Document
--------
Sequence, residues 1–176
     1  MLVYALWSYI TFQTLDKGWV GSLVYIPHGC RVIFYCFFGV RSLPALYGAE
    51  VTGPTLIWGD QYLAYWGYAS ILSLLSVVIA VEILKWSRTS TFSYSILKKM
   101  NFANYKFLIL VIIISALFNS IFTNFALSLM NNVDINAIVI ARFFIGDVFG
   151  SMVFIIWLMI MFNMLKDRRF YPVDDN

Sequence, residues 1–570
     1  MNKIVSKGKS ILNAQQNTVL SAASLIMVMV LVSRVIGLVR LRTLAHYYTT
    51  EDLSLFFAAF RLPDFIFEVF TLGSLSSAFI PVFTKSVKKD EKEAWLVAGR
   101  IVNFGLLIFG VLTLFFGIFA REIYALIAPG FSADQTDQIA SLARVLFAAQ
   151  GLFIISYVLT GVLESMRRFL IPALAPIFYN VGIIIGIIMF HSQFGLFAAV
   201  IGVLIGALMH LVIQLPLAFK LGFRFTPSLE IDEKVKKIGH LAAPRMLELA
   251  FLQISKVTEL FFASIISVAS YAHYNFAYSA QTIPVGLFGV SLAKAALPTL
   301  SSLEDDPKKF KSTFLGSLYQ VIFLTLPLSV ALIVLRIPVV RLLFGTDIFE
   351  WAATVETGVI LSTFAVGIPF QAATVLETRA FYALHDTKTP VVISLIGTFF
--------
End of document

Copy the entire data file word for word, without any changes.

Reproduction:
Sequence, residues 1–176
     1  MLVYALWSYI TFQTLDKGWV GSLVYIPHGC RVIFYCFFGV RSLPALYGAE
    51  VTGPTLIWGD QYLAYWGYAS ILSLLSVVIA VEILKWSRTS TFSYSILKKM
   101  NFANYKFLIL VIIISALFNS IFTNFALSLM NNVDINAIVI ARFFIGDVFG
   151  SMVFIIWLMI MFNMLKDRRF YPVDDN

Sequence, residues 1–570
     1  MNKIVSKGKS ILNAQQNTVL SAASLIMVMV LVSRVIGLVR LRTLAHYYTT
    51  EDLSLFFAAF RLPDFIFEVF TLGSLSSAFI PVFTKSVKKD EKEAWLVAGR
   101  IVNFGLLIFG VLTLFFGIFA REIYALIAPG FSADQTDQIA SLARVLFAAQ
   151  GLFIISYVLT GVLESMRRFL IPALAPIFYN VGIIIGIIMF HSQFGLFAAV
   201  IGVLIGALMH LVIQLPLAFK LGFRFTPSLE IDEKVKKIGH LAAPRMLELA
   251  FLQISKVTEL FFASIISVAS YAHYNFAYSA QTIPVGLFGV SLAKAALPTL
   301  SSLEDDPKKF KSTFLGSLYQ VIFLTLPLSV ALIVLRIPVV RLLFGTDIFE
   351  WAATVETGVI LSTFAVGIPF QAATVLETRA FYALHDTKTP VVISLIGTFF